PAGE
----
The Creative Power of Leisure

If you’re looking for a good book to take on vacation this summer, consider David Nasaw’s biography Andrew Carnegie. This is the story of an impoverished immigrant kid from Scotland who transformed himself into an American steel tycoon, philanthropist and social philosopher. Once you read about Carnegie’s work habits, you may question your own.

Carnegie’s approach was to delegate the details, work less not more, and focus on creating a bigger future. When a businessman boasted to Carnegie that he was “always in his office by 7am,” Carnegie was unimpressed. “You must be a lazy man if it takes you 10 hours to do a day’s work,” he retorted. “what I do is hire good men and then never give them orders; my directions seldom go beyond suggestions. In the morning I get reports from them… within an hour I have disposed of everything, sent out all my suggestions, the day’s work is done and I am ready to go out and enjoy myself.”

In 1878 his companies were booming, yet Carnegie was already concerned about burnout. He had his brother step in to run things and he took a year off to explore Asia and the Mid East. “Your always busy man accomplishes little,” Carnegie wrote in one of his many essays, “the great doer is he who has plenty of leisure.”

Fast forward to summer, 2017. What are the great doers doing? Working their tails off, it appears. Consider these statistics from my recent reading:

  • 31% of USA college-educated male workers are regularly logging 50 or more hours a week at work, up 22% from 1980. In Europe, the number of French and German executives working longer hours is on the increase as well.
  • Full 25% of executives at large companies around the world say their communications – voice, email, meetings – are nearly or completely unmanageable, according to a McKinsey survey of more than 7,800 managers.
  • About 40% of American adults get less than seven hours of sleep on weekdays, up from 34% in 2001.

You might think that with all the long hours, executives would be anxious to delegate, disconnect, and disappear. But the growing trend is toward turning vacations into an extension of the regular grind. One in five executives will take along their laptops on vacation this summer, 8 of 10 their smart phones. We connect because we have the ability to. But here’s the rub.

Whether you’re on safari in Botswana or day-hiking Italy’s Dolomites, if you’re connected electronically, you’re also connected mentally — you’re working problems. Your physical body may be with your family, but metabolically you’re back at the office. Once your mind reenters the familiar realm of work, the competitive juices reign in your body and you crowd out the very dreamspace that leisure can avail you to.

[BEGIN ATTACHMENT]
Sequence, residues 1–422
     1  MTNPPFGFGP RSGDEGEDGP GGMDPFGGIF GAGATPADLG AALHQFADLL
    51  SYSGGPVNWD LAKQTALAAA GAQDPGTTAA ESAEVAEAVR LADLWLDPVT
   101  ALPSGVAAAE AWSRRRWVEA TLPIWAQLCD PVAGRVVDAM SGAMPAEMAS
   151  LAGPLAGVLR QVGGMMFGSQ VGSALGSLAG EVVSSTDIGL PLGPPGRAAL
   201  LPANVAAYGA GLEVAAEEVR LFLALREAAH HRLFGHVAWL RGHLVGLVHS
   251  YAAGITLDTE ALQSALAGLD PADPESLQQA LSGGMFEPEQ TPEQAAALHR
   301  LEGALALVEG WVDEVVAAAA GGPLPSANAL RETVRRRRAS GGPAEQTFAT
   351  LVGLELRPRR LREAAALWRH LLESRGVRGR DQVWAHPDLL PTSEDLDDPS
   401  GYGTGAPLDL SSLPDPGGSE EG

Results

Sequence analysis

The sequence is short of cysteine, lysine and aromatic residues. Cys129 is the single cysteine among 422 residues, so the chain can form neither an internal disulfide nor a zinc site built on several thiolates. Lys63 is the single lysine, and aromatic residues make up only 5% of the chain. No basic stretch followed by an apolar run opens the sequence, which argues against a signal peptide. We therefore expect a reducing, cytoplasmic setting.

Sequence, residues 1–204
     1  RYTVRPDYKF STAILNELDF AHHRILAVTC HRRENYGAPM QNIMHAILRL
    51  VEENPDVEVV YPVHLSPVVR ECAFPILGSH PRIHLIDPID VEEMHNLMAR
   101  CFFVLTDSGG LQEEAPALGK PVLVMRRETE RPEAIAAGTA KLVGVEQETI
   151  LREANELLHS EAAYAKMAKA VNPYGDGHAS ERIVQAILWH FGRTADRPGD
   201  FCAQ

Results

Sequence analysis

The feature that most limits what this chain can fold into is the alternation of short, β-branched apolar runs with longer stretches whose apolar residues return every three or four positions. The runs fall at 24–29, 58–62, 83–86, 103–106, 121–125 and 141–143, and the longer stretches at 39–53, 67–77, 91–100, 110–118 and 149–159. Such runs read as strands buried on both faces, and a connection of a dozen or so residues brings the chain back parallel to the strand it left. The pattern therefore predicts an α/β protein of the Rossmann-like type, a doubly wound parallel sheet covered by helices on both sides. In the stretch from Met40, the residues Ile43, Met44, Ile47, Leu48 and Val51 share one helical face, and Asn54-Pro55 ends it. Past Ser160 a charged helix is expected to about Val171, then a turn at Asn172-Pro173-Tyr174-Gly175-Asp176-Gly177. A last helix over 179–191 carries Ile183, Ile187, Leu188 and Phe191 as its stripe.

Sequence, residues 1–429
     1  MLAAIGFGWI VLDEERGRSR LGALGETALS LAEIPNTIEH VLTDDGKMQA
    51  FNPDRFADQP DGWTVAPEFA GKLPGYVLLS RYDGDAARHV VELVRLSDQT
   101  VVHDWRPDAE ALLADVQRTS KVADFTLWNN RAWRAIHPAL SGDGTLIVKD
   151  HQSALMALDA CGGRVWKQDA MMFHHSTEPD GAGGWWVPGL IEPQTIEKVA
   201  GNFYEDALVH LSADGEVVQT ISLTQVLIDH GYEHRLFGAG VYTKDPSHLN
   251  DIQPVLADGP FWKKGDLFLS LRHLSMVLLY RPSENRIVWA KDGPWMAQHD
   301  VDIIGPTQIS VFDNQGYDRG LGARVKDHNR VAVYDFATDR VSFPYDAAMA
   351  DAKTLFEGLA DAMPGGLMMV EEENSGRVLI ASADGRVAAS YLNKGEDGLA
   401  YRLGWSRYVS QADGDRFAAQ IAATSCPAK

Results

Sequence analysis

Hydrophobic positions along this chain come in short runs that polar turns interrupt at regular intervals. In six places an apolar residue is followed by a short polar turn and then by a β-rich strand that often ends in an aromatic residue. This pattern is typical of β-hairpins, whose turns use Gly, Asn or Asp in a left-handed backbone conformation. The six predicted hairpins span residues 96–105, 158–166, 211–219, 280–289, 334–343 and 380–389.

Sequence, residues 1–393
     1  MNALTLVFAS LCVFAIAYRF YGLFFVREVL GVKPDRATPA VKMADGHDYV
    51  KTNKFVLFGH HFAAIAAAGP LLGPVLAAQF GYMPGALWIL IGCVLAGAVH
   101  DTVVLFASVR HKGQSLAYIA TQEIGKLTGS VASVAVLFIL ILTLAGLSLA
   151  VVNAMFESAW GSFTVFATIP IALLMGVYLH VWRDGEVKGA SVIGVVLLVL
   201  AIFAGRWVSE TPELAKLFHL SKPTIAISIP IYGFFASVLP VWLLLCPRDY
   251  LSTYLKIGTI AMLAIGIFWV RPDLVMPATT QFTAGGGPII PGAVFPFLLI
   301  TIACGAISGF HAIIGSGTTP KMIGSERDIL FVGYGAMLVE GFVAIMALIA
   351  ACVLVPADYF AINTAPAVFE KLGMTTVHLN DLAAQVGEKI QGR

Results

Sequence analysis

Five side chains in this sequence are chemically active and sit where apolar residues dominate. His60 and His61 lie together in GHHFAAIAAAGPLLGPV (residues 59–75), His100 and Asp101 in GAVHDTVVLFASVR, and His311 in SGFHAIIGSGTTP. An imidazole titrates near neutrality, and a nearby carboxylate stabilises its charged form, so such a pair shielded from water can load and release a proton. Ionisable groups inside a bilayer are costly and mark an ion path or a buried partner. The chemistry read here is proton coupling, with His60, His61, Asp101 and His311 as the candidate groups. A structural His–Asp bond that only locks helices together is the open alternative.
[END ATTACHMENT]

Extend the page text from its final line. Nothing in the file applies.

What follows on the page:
For eight glorious days last summer, 23 companions and I rafted down the Colorado River through the Grand Canyon. Each day our eyes feasted on some of the most beautiful scenery on planet earth. That is, when we weren’t hanging on for dear life as we shot endless rapids, getting slammed by six foot high barrages of icy cold, chocolate=colored river water.

In the evenings we enjoyed tasty meals prepared by our four professional guides, and, over red wines, we talked over and laughed about the events of the day. Thinking about business, for the first time in memory, began to recede from its usual dominant place at the center of my thoughts.

With a steady barrage of messages coming at us, we are susceptible to a state of mind that Babson College’s Tom Davenport calls “continuous partial attention.” We react and sometimes reply, to whatever questions are being posed by the sender, whatever breaking news comes at us. But unless we unplug, we never really pause to think about what it all means. This is what vacations are for; this is what can happen to your thinking when you tap the creative power of leisure.

Here are some suggestions for getting the most out of your summer vacation this year:

  1. If you must connect with your office, do so only once a day. Have your assistant make a list of the things you need to be informed of, and be brief.
  2. Start making a list of books you want to read on vacation well in advance. A good book, the right book, can transform a mediocre vacation into a great one.
  3. Figure out whether your vacation should be active and adventuresome or more sedentary and calm based on the kind of schedule you’re been keeping of late. Allow yourself to be lazy and directionless and spontaneous if you’ve had a tumultuous first half.
  4. If you’ve been emotionally absent as a spouse and/or parent, expect some “dynamics” to come into play as your family spends time together at meals, etc.
  5. Commit to being “in the moment.” Only you know your thoughts, so only you will know if you’re thinking about your business. As with meditation, when you realized your focusing on the chatter in your mind, you don’t give up, you just get back on track.
  6. Think about your own creativity, and where you get ideas.
  7. Take your “Doug Days.” If you’ve hear me speak, you’ve probably heard me tell the story of Doug Greene, CEO and founder of New Hope Communications, of Boulder, Colorado. When I asked Doug where he got most of his ideas, he credited the discipline of taking a full day each month to go offline, to leave meetings and “continuous partial attention” for an appointment with himself.
  8. Fuel your creativity by getting plenty of exercise, having a massage, listening to music, developing a new hobby.
  9. Start keeping a journal on your vacation. Record not only what you see, and what you experience, but how you feel as well.
  10. Don’t skip taking a vacation this summer, even if you do have to break it up into chunks. Remember, if you’re burned out, you’re not productive no matter how many hours you put in and even if you arrive at work at 7am each day